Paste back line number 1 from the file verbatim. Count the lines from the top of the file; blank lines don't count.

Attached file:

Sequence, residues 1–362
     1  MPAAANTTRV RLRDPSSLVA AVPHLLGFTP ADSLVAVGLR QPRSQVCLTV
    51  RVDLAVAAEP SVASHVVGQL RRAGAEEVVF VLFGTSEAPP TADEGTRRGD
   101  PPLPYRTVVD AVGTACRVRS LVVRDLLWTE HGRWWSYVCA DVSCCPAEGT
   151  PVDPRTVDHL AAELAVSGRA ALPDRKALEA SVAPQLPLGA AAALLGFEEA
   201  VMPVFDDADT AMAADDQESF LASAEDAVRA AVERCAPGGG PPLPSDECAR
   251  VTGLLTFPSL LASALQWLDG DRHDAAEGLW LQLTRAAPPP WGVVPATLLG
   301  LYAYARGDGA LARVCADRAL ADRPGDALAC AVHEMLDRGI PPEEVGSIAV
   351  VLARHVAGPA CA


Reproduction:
Sequence, residues 1–362